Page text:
How to Make a Swing Change Without Losing Your Game

In the world of golf, we hear so much about “swing changes.” Thanks to Tiger Woods, the golf world has an extremely biased understanding of what a swing change actually entails. He has laid claim to making several swing changes over the years. In this post, I will clarify what the announcers on T.V. are really talking about when they refer to a “swing-change” so that you can effectively conduct a swing change in your own game!

Tiger has made several swing changes thanks to the guidance from several different swing coaches. From 1996 (his professional debut) to 2003, he worked with Butch Harmon, and recorded 8 major victories, including a 15 shot victory in 2000 at Pebble Beach. From 2004-2010, Tiger was under the guidance of Hank Haney, who led him to 6 major victories. From 2010-2014, he worked with Sean Foley, and recorded a total of zero major championship victories. From 2014-present day, Tiger has been working with a man by the name of Chris Como, and has had zero major championship victories. Here’s an interesting graph of Tiger’s performance by swing coach:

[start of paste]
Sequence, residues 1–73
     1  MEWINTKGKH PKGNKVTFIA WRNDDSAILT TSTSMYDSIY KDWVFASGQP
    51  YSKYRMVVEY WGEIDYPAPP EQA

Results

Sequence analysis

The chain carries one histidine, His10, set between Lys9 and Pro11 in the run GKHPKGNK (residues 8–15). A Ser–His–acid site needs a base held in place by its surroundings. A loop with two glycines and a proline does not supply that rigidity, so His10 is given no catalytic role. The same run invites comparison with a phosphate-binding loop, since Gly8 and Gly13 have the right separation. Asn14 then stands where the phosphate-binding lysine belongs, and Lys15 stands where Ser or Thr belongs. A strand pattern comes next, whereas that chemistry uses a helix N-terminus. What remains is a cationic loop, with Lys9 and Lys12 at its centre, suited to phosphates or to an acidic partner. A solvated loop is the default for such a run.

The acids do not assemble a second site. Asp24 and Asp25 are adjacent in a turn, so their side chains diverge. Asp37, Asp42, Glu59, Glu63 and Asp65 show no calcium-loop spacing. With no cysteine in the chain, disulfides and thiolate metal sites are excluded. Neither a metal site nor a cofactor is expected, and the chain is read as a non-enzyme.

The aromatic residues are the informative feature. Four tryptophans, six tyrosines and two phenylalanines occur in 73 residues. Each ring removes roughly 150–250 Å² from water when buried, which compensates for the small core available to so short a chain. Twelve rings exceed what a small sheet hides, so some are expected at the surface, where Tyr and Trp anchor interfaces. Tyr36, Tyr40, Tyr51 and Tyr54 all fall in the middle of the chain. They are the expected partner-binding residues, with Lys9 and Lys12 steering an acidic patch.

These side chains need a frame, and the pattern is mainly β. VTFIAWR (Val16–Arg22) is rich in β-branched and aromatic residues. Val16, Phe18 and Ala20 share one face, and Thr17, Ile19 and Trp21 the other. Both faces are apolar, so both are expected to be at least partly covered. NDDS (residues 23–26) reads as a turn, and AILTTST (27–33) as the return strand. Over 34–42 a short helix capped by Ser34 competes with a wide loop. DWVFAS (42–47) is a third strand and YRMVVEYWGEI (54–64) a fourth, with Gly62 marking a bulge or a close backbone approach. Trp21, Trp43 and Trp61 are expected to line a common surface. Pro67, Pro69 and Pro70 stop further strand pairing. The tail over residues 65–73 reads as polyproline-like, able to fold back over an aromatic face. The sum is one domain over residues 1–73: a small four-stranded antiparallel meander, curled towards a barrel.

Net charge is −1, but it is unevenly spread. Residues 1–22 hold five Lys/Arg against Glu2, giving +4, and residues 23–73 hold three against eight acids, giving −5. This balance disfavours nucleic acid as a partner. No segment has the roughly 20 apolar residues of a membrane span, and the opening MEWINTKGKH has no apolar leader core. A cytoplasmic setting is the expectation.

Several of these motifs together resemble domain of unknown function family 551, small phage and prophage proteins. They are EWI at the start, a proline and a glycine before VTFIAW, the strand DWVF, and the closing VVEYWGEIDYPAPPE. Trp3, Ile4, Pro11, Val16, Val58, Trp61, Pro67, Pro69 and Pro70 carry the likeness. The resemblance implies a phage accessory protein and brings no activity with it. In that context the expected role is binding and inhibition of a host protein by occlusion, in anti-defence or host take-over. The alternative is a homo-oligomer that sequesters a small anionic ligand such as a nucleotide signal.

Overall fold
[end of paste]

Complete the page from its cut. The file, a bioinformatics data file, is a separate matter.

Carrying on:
Butch Harmon (2)

This post is not meant to criticize Tiger, or give a detailed history of his past. I think he has done well for himself, and surely shouldn’t be criticized for wanting to improve his golf game. I bring up Tiger because his story illustrates many of the points that I would like to make. In the following paragraphs, I will take you through the checklist that I go through before making a swing change, but first, I would like to define what a “swing change” means.

In my opinion, there are two types of swing changes, both which require different approaches:

Minor Swing Change

A minor swing change is nothing more than adjusting your fundamentals (grip, stance, alignment, posture, ball position). Often, you will read or listen to someone tell you how making a swing change is a bad idea, but what kind of swing change are they talking about? Are they referring to the swing changes that Tiger went through over the course of several years? Or are they talking about adjusting something as simple as your posture? I often become frustrated when an instructor or other source tells me not to make swing changes. Making minor swing changes are essential for playing quality golf! What would happen if we never worked on our grip, stance, posture, alignment, tempo, etc.? As golfers, we must constantly monitor these little minor details, and make sure that they are looking good.

What we need to avoid divulging in too often is the major swing change:

Major Swing Change